The Types of Snakes Found in East Tennessee

The Types of Snakes Found in East Tennessee
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Knoxville lies at the heart of eastern Tennessee, a largely urbanized area that nonetheless also includes Great Smoky Mountains National Park. This portion of the state, which borders North Carolina, Kentucky and Georgia, hosts significant biological diversity, including 23 of the 32 native Tennessee snake species.

Nonvenomous Snakes of Eastern Tennessee

Most of the 23 snake species in eastern Tennessee don’t have venom. This diverse non-venomous roster includes the eastern milk snake, ring-neck snake, smooth earth snake, eastern worm snake, red-bellied snake, Dekay's brown snake, scarlet snake, rat snake, corn snake, black racer, rough green snake, queen snake, eastern ribbon snake, common garter snake, northern pine snake, southeastern crowned snake, eastern hog-nosed snake and the northern water snake.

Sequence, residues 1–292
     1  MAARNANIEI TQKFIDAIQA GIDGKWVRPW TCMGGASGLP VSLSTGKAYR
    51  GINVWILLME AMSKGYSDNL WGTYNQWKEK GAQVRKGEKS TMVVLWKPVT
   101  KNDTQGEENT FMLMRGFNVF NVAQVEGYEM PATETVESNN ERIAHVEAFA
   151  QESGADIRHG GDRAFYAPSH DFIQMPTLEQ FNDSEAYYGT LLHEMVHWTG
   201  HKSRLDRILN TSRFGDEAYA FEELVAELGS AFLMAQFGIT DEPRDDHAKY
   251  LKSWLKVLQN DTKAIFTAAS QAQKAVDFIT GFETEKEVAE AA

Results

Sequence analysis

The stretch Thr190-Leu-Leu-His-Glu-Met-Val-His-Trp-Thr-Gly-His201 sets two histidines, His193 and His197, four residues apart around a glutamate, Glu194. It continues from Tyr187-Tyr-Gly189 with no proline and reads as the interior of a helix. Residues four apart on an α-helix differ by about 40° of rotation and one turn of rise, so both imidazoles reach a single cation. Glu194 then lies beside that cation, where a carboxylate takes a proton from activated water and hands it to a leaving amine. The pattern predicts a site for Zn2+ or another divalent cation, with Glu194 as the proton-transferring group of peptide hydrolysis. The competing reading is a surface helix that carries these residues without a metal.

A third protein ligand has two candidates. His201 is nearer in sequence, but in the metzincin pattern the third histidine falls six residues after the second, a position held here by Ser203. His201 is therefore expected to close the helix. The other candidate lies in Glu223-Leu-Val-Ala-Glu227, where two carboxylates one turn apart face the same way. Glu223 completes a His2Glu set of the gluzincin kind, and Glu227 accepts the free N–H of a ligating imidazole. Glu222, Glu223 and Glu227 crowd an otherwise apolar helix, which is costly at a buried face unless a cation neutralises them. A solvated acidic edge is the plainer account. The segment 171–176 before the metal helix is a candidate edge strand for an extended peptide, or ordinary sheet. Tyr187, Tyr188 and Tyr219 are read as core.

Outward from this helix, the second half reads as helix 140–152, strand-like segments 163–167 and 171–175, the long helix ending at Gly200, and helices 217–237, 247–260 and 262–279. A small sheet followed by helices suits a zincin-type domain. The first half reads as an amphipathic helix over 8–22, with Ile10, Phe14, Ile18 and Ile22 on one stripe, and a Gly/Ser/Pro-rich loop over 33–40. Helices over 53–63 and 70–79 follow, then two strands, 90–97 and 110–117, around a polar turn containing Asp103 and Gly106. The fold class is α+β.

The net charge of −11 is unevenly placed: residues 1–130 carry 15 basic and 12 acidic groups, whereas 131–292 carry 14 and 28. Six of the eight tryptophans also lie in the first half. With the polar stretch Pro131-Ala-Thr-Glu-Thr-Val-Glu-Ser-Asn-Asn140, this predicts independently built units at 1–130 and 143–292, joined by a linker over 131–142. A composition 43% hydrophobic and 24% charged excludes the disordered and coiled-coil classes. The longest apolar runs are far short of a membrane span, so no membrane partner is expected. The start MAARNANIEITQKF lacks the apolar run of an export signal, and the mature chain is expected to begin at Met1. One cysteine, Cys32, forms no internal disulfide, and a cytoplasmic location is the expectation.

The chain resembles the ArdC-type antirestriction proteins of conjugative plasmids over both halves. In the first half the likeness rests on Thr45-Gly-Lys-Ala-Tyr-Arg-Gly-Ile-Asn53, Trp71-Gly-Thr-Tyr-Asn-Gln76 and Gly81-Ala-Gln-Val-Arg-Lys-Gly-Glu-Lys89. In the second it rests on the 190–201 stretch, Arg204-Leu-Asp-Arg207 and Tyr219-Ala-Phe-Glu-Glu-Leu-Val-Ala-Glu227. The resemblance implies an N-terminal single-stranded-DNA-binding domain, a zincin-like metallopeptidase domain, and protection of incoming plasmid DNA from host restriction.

Venomous Snakes of Eastern Tennessee

Of the four venomous snakes in Tennessee, the timber rattlesnake and the copperhead inhabit the state’s eastern portion. Both are pit vipers, using heat-sensing pits just behind their nostrils to detect prey. Timber rattlers can grow to over 6 feet long, and, as their name implies, prefer forested terrain. Copperheads are smaller – usually 3 feet long or less, occasionally approaching 4 1/2 feet – and also generally frequent timbered habitat, from dry hillsides to wetland margins.

Commonly Misidentified Species

The northern water snake is a resident of eastern Tennessee that dwells in and near water, eating frogs, fish and mammals. People sometimes mistake this common, nonvenomous species for an equally common venomous snake, the cottonmouth. Also called water moccasins, cottonmouths are pit vipers and inject prey with hemotoxic venom, which breaks down red blood cells. Although they bear a superficial resemblance to northern water snakes in pattern and coloration, cottonmouths are restricted to western Tennessee: You won’t find them in the eastern part of the state.

Snake Conservation in Tennessee

Snakes play a vital role in controlling pest populations. None of Tennessee's 32 snakes are federally listed as endangered or threatened, though the state list classifies the western pigmy rattlesnake as threatened and the Mississippi green water snake as "in need of management." However, it's illegal in Tennessee to "harm, kill, remove from the wild, or possess" any native snake, unless you have the appropriate permits. Releasing captive snakes into the wild can introduce disease and parasites.

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